The 2003 Slammer Virus That Took The Whole Internet Offline

Samuel Reason

An infamous virus that to this day remains a complete mystery wreaked havoc on the world in 2003. Within 10 minutes it infected over 400,000 computers total, and within 40 minutes it doubled its population. Crucially the computer virus infected five of the thirteen root DNS servers, which crippled the world’s internet. In fact, most of the internet went down for over a week.

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London based market intelligence company Mi2g believes that over $950 million to $1.2 billion was lost due to lost productivity. The beauty of the virus was due to how simple it was, it is considered to this day one of the fastest spreading viruses. As a result, the code that started the virus was extremely small. Meaning it was a very small file size and could spread quickly. The exploit lived entirely in the computer’s memory, which meant just rebooting the computer removed it. It made no actual changes to the disk or make any changes to the system at all.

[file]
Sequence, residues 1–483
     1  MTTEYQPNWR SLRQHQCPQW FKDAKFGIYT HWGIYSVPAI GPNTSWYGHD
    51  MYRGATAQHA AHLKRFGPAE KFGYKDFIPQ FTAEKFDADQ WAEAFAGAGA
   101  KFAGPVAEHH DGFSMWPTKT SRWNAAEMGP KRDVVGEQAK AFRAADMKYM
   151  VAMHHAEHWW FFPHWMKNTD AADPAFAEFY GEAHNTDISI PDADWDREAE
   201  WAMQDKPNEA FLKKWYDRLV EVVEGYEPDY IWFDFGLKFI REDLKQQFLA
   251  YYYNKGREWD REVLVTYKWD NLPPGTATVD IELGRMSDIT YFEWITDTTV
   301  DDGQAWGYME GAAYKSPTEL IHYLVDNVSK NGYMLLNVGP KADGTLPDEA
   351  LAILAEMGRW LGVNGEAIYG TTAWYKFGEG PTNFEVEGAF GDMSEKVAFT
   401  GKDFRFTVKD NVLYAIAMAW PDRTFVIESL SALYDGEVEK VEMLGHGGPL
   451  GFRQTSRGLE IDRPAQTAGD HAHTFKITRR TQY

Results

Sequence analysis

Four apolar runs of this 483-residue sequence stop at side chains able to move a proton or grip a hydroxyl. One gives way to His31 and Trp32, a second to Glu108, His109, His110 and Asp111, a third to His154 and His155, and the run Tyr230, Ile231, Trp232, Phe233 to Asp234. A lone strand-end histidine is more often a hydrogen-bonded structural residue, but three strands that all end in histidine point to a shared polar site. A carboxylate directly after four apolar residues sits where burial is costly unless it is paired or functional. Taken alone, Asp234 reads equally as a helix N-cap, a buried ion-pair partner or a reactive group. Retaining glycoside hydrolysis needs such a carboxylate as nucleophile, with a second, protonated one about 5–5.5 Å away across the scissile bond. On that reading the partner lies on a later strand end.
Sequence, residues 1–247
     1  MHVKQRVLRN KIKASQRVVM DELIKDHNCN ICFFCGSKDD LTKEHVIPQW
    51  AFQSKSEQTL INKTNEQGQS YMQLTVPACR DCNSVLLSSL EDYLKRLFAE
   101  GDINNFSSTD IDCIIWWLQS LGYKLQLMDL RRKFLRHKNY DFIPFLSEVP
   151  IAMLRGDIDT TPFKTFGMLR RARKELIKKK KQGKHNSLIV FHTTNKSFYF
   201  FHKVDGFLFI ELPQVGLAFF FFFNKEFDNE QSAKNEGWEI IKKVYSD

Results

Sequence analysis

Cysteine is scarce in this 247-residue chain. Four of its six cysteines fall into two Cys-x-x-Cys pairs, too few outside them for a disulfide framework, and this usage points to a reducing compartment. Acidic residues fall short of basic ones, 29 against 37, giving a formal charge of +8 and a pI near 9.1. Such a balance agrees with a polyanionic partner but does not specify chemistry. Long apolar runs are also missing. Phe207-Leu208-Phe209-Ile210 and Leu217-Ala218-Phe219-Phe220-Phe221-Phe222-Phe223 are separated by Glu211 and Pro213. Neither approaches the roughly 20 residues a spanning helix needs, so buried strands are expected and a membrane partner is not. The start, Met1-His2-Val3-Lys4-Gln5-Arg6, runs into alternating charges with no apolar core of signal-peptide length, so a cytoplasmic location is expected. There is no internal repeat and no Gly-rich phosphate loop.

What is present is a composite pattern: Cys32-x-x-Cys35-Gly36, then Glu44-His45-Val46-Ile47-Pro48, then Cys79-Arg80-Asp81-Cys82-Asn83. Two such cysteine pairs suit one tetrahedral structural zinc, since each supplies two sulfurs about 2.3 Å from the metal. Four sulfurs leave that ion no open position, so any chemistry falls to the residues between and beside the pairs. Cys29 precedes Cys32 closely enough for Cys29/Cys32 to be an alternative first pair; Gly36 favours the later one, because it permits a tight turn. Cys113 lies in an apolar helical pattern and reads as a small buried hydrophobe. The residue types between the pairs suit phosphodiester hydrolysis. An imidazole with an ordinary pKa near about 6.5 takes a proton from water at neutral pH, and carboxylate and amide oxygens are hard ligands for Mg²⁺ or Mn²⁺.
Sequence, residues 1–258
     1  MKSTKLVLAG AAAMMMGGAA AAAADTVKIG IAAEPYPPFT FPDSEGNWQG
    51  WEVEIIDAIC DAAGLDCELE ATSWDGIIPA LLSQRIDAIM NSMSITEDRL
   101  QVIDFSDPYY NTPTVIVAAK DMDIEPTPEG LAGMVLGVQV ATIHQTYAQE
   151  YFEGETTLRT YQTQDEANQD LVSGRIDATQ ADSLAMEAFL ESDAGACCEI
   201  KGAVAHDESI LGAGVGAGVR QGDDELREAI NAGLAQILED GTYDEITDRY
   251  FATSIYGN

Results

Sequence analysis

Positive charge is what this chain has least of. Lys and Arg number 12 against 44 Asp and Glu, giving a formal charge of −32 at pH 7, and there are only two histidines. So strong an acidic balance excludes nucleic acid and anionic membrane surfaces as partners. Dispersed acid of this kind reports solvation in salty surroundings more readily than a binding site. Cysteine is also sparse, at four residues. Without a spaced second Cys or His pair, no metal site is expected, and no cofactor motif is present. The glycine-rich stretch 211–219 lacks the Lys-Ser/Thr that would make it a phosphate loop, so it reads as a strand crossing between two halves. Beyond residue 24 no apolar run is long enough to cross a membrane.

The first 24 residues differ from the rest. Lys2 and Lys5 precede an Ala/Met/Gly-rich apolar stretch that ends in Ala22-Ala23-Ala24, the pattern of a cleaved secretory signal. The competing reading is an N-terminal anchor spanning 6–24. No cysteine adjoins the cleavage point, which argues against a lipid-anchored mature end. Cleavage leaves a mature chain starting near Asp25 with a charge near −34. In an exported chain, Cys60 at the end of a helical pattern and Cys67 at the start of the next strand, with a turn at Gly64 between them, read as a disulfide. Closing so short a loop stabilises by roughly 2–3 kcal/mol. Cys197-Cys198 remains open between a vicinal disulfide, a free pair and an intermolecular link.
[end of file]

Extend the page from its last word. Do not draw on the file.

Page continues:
The reason it shut down the internet was that it was spamming the network to spread. When the Slammer virus infects a computer it begins sending its exploit with the worm code to random IPs, essentially, to infect new targets.

In North America, Windows XP activation servers had to be taken offline, along with Continental Airlines going back to pens and papers for records. Banks were hit the worst of all, ATMs stopped working entirely. Even the U.S. Department of State, Agriculture, and Commerce and Defense was hit by the worm. Worryingly, the virus even made its way into the David-Besse nuclear plant in Ohio. In Asia, the whole of South Korea’s internet went offline causing billions of potential revenue to be lost. Europe was not hit as hard, though Portugal reported over 300,000 customers of Cable ISP Netcabo losing the internet.

The crazy thing is, nobody knows who made this virus. It is a complete mystery. Some authorities believe it to be based on code or concepts created by Benny who was part of the virus magazine 29A during the 90s and early 2000s. However, 29A members do not release their viruses into the wild, so this is unlikely.

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